A lawsuit filed by a California teacher against the school district where she works puts a new spin on an old problem. As the National School Boards Association reported, the suit, filed last week by Amy Sulkis in the Los Angeles Superior Court, alleges that her school district employer failed to adequately protect her from cyberbullying and online sexual harassment by students who, among other things, created a fake Twitter account in her name and sent out inappropriate Tweets. Legal scholarship has long recognized that although liability for student-on-student and teacher-on-student harassment has led to successful lawsuits against public schools, courts have been less inclined to extend protections to teachers who allege they are harassed by students. Sulkis’s lawsuit shows how these concerns can be compounded by the use of online social media such as Twitter, and creates a new wrinkle in the question of what schools are required to do when teachers complain about online harassment by students.

The Facts

According to CBS Los Angeles, Sulkis’s lawsuit reportedly alleges that the 16-year teaching veteran had an unblemished record and relationship with students until, in 2013, students created a false Twitter account in her name and sent out “disparaging and sexually suggestive statements” about her. A student who admitted to creating the account was initially given a two-day suspension, but after negotiations with the administration it was reduced to one day. Subsequently, students posted inappropriate and derogatory posts about Sulkis, but when Sulkis reported those posts to the administration she was told there was no available recourse. According to Sulkis, although she and her attorney asked for school-wide training for students on proper use of social media, that request was denied. A later post by a student allegedly included an image of Sulkis, an offensive caption, and a link to a pornographic Twitter page. Sulkis alleged that she was forced to take time off work to deal with the emotional distress and because she did not feel safe in her work environment. The lawsuit followed shortly thereafter.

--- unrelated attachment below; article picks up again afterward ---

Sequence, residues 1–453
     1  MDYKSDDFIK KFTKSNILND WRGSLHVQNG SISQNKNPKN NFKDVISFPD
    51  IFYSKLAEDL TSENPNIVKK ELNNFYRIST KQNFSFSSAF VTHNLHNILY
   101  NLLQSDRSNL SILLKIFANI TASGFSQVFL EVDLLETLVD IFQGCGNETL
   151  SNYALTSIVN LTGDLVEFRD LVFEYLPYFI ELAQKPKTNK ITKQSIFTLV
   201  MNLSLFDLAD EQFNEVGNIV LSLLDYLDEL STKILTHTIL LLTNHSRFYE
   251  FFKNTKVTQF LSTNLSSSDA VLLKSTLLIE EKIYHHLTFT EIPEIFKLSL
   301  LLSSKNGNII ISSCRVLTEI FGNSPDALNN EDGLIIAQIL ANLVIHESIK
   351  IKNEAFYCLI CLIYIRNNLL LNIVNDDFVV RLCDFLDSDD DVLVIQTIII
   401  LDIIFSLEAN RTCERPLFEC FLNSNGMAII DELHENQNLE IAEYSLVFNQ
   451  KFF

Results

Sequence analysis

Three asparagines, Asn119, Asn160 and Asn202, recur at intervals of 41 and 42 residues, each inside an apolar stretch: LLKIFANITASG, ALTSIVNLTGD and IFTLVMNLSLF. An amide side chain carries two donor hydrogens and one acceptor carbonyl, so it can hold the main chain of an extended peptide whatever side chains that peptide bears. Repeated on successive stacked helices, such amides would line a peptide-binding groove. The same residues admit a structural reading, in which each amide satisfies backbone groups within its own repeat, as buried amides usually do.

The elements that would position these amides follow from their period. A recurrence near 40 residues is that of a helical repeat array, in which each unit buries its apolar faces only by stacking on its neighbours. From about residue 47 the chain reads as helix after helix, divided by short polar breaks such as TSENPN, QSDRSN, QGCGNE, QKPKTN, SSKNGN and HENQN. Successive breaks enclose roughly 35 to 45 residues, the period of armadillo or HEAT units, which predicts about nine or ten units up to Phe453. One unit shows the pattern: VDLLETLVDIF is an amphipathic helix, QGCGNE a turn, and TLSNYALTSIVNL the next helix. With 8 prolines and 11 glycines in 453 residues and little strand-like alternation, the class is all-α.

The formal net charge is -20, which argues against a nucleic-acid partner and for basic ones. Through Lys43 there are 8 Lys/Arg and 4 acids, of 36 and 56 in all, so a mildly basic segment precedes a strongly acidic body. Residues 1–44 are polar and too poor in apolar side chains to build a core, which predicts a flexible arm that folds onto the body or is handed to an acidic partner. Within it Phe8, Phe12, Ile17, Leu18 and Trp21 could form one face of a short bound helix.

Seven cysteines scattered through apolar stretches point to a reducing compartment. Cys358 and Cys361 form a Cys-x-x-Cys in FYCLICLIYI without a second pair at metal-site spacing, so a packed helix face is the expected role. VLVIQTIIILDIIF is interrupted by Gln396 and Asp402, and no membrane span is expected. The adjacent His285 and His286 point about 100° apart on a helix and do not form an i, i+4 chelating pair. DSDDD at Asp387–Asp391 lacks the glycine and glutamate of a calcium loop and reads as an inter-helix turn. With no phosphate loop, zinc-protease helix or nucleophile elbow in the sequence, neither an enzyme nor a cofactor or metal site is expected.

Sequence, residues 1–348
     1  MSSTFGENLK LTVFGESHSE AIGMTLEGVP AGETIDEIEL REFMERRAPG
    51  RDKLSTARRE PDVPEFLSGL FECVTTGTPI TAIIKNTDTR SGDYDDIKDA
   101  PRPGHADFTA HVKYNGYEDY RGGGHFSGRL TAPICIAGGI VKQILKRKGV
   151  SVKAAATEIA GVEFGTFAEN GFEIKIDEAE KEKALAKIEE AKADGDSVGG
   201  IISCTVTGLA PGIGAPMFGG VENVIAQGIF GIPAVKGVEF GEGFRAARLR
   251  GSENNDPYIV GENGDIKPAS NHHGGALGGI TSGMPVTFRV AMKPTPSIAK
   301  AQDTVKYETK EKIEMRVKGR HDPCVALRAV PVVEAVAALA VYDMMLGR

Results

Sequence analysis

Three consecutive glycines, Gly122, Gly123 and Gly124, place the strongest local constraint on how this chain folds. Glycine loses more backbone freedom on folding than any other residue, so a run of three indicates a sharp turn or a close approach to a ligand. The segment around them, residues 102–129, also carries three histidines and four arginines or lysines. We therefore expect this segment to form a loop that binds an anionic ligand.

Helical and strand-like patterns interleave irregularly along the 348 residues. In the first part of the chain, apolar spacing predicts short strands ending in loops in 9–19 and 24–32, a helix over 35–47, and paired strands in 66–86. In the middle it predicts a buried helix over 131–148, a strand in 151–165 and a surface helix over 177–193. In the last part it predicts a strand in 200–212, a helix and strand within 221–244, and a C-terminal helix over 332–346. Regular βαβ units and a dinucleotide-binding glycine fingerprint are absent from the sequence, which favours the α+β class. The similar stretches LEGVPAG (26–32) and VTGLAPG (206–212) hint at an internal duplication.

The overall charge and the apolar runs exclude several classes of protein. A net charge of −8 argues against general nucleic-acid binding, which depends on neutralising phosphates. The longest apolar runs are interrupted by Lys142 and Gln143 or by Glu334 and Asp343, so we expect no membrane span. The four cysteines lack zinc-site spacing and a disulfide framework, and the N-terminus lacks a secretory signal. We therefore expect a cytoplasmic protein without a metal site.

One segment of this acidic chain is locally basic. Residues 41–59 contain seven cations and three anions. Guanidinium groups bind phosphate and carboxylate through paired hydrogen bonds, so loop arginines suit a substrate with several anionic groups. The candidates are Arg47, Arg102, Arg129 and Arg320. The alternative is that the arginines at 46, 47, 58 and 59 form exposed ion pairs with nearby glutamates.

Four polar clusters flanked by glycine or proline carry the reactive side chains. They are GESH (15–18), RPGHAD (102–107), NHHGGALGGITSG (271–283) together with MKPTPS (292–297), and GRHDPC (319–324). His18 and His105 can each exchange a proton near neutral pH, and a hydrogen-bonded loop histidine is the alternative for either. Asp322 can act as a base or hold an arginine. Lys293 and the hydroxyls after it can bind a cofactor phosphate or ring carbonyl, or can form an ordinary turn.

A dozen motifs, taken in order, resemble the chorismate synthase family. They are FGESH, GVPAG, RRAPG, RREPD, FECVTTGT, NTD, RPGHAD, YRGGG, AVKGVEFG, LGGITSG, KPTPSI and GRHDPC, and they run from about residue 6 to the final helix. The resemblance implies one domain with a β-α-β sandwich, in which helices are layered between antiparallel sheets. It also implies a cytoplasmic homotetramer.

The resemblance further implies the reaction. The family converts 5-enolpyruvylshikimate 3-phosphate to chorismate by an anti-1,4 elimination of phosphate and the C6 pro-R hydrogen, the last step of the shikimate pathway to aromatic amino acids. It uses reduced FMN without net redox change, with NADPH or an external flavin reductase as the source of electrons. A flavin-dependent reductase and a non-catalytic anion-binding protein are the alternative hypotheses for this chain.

The Law

The law in this area is unsettled, and it is unclear for what, if any, responses school district could be found liable with respect to student-on-teacher online harassment, especially where, as here, the teacher alleges that the harassment is of a sexual nature. Although some courts (like this one and this one) have recognized that student-on-teacher sexual harassment can lead to liability by the teacher’s school district employer under Title IX (which prohibits sexual harassment) and Title VII (which prohibits sexual harassment in employment), it is unclear how the standards recognized would apply in the off-campus, online context. On the one hand, federal appellate court cases from the Third Circuit have held explicitly that schools have limited authority to discipline students for off-campus online conduct, even when it involves creating false and disparaging social media profiles for staff members and spreading those profiles to the school community. You can read our previous write up of those cases here. On the other hand, at least in the context of student-on-student off-campus, online harassment based on certain protected characteristics and that rises to the level of a hostile environment, Department of Education Office for Civil Rights guidance requires that schools provide other interventions, including training for the larger school community, to ensure that harassment does not recur.

Takeaways for School Leaders

It is unclear how these standards will play out in a lawsuit by a teacher alleging that a student’s online harassment is creating a hostile environment. But the proliferation of social media activity by students mixed with the protections many courts have extended to students off-campus, online misconduct, means that schools should expect to receive more and more complaints from teachers and other staff about student harassment online. Although school leaders should always take such complaints seriously, they must work closely with legal counsel to understand what, if any, responses are required if and when a teacher or staff member complaint of this nature arises.